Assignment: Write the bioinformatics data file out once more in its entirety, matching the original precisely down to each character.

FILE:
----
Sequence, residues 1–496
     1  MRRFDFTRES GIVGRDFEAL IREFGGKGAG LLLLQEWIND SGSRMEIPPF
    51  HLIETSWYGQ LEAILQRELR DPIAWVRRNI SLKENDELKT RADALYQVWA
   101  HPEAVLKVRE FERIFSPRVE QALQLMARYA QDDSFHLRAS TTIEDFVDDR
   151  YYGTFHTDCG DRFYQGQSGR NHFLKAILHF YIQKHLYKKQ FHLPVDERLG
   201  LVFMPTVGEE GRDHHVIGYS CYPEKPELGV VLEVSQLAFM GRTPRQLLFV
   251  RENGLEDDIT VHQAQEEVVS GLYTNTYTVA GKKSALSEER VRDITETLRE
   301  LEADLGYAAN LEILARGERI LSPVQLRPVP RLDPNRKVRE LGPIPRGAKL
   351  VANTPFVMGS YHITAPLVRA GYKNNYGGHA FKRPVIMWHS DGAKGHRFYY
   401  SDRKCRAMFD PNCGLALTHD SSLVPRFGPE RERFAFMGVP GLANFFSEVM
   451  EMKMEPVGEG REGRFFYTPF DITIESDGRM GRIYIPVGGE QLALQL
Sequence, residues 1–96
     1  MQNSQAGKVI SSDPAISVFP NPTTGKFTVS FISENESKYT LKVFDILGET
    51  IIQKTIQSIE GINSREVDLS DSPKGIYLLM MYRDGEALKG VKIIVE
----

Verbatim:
Sequence, residues 1–496
     1  MRRFDFTRES GIVGRDFEAL IREFGGKGAG LLLLQEWIND SGSRMEIPPF
    51  HLIETSWYGQ LEAILQRELR DPIAWVRRNI SLKENDELKT RADALYQVWA
   101  HPEAVLKVRE FERIFSPRVE QALQLMARYA QDDSFHLRAS TTIEDFVDDR
   151  YYGTFHTDCG DRFYQGQSGR NHFLKAILHF YIQKHLYKKQ FHLPVDERLG
   201  LVFMPTVGEE GRDHHVIGYS CYPEKPELGV VLEVSQLAFM GRTPRQLLFV
   251  RENGLEDDIT VHQAQEEVVS GLYTNTYTVA GKKSALSEER VRDITETLRE
   301  LEADLGYAAN LEILARGERI LSPVQLRPVP RLDPNRKVRE LGPIPRGAKL
   351  VANTPFVMGS YHITAPLVRA GYKNNYGGHA FKRPVIMWHS DGAKGHRFYY
   401  SDRKCRAMFD PNCGLALTHD SSLVPRFGPE RERFAFMGVP GLANFFSEVM
   451  EMKMEPVGEG REGRFFYTPF DITIESDGRM GRIYIPVGGE QLALQL
Sequence, residues 1–96
     1  MQNSQAGKVI SSDPAISVFP NPTTGKFTVS FISENESKYT LKVFDILGET
    51  IIQKTIQSIE GINSREVDLS DSPKGIYLLM MYRDGEALKG VKIIVE